All three manufacturers would be keen to get their hands on him, with Ducati the current favorite to secure his services. Livio Suppo has shown a keen interest in the Marc VDS rider, and though all four Honda seats are currently taken, either Alvaro Bautista or Stefan Bradl could find themselves being elbowed out of a ride to make way for the Englishman.

Both Bautista and Bradl have contracts with HRC, but performance clauses could be invoked to move them aside. Redding was in the frame for the Gresini ride last year, and that would be the logical spot to put him for The risk Redding faces is that if he does go to Gresini to replace Bautista, he could find himself with the same conditions the Spaniard currently has, to serve as a test mule for Showa and Nissin.

The best option Redding has is with Ducati, however. Redding impressed the Italian factory in testing last year, when he was consistently faster than Andrea Iannone at the tests the two men attended. Redding came close to a deal to ride a Ducati for , but a series of miscommunications with Ducati management saw Redding and Marc VDS walk away from the deal. With the takeover of Ducati by Audi , top management at the Italian factory has changed, and the possibility has opened up again.

The most likely scenario appears to be that Marc VDS will take over at least one of the Pramac bikes, though running both of them also remains an option. Currently, Ducati foots the bill almost entirely for the Pramac operation, and the factory has been less than impressed with the way the team has been run.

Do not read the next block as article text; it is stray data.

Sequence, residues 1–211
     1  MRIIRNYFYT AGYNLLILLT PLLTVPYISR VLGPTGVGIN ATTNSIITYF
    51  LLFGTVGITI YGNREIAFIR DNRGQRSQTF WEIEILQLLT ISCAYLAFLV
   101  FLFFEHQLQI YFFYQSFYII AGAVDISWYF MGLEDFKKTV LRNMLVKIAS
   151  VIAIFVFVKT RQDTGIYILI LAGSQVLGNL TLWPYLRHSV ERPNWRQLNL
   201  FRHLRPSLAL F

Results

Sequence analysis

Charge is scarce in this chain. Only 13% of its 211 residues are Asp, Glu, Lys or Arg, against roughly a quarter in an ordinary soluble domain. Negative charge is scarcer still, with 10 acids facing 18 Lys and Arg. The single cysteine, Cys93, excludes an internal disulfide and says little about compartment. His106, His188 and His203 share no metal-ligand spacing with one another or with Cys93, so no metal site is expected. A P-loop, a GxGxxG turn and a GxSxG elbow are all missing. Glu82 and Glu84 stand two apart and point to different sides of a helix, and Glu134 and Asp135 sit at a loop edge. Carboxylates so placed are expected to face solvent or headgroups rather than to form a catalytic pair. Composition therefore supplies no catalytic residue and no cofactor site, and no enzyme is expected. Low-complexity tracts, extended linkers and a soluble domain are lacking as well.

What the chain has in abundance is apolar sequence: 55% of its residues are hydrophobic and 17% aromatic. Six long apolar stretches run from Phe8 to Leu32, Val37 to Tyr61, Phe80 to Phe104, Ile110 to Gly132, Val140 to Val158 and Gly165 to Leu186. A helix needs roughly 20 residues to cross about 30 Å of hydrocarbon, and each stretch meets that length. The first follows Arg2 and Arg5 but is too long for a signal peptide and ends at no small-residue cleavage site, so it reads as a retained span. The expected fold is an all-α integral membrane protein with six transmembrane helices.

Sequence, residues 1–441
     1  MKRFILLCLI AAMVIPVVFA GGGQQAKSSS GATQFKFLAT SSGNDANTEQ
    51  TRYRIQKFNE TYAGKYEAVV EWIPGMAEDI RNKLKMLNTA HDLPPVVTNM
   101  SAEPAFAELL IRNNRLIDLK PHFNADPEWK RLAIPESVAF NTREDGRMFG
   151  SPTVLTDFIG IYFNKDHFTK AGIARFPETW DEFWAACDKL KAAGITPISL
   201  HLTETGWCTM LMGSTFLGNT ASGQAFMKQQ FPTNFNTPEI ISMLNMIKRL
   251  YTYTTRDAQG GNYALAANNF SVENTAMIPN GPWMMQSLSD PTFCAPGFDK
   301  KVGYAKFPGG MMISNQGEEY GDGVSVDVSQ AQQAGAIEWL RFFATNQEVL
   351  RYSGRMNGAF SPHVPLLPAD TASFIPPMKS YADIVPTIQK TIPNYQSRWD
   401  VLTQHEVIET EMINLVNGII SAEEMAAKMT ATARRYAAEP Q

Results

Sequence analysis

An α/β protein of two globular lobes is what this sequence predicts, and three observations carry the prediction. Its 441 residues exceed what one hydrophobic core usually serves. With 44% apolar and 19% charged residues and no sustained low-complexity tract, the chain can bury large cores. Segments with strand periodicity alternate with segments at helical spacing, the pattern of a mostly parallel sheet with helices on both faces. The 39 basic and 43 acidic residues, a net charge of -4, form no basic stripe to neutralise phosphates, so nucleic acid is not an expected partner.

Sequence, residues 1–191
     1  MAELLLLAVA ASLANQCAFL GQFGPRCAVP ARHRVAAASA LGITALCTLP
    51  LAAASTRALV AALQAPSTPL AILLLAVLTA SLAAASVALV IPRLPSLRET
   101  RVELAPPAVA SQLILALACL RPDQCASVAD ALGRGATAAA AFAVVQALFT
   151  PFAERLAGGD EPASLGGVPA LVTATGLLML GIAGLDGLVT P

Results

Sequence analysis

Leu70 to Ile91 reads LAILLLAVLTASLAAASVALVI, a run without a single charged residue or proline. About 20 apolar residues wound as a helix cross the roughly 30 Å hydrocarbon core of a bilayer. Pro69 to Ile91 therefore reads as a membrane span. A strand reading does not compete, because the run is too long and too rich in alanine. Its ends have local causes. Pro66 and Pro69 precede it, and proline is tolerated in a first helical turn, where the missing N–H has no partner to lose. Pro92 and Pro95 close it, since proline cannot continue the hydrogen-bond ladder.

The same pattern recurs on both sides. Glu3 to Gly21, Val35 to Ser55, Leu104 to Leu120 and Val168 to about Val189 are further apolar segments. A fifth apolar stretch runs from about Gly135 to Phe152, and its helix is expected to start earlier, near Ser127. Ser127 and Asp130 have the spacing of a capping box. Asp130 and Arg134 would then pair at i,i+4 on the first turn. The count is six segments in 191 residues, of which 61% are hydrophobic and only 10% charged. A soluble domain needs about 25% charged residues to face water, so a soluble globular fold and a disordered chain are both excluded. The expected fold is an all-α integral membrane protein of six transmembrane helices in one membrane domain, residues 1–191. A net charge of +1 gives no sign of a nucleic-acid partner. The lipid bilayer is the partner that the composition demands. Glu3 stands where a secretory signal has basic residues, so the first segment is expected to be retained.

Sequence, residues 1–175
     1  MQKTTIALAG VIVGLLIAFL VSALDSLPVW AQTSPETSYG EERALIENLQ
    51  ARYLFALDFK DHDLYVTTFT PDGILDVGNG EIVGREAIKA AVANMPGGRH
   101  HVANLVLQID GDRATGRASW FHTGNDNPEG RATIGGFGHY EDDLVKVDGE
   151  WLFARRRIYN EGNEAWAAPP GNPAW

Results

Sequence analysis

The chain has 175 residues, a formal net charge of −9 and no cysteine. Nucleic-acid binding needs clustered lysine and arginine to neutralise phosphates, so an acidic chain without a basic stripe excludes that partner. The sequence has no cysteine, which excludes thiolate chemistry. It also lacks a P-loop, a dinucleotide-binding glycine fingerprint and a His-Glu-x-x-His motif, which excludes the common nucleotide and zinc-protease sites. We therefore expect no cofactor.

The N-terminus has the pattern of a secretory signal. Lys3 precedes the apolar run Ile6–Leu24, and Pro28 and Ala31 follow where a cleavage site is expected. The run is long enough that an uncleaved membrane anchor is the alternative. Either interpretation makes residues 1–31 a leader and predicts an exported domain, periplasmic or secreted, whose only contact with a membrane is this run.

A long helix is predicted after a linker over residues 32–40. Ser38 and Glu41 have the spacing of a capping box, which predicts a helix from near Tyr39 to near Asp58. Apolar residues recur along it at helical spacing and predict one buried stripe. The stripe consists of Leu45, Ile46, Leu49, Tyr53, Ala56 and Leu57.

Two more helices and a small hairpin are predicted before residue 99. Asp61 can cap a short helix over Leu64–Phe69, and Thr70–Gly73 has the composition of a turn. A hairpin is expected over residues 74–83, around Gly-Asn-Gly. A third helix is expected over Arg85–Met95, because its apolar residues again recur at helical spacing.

Having Marc VDS run the team — and help pay some of the bills — would both ease the financial strain, and bring a staff of experienced MotoGP technicians in to run the team.


Tutti gli uomini di Giampaolo: Praet e Andersen i primi della lista

Lotus bound? That is because the Enstone based team is facing up to the very real possibility lead driver Kimi Raikkonen will switch to Red Bull. We reported earlier that Frenchman Boullier, the Lotus team boss, is scheduled to sit down with Finn Raikkonen's management this week. In the meantime, German Hulkenberg is technically a free agent, because - while he will continue to race for Sauber in - the struggling Swiss team reportedly breached contract by failing to pay him in May and June. One thing the fans like is the garage access they have with IndyCar.


Milan, la grana André Silva: dovrà fruttare 30 milioni

In , he made his senior debuts, while on loan at lowly Deportes Ovalle , and appeared twice for the first-team in the following year. In , he joined Osorno , also on loan, where he was ever-present in the promotion campaign. Silva made his main squad debut on 22 January , starting in a 1—1 draw against United States at Home Depot Center. Silva was not initially named in Chile's Copa America squad but was added to the team due to an injury to Edson Puch. From Wikipedia, the free encyclopedia. This article is about the Chilean footballer.


Francisco Silva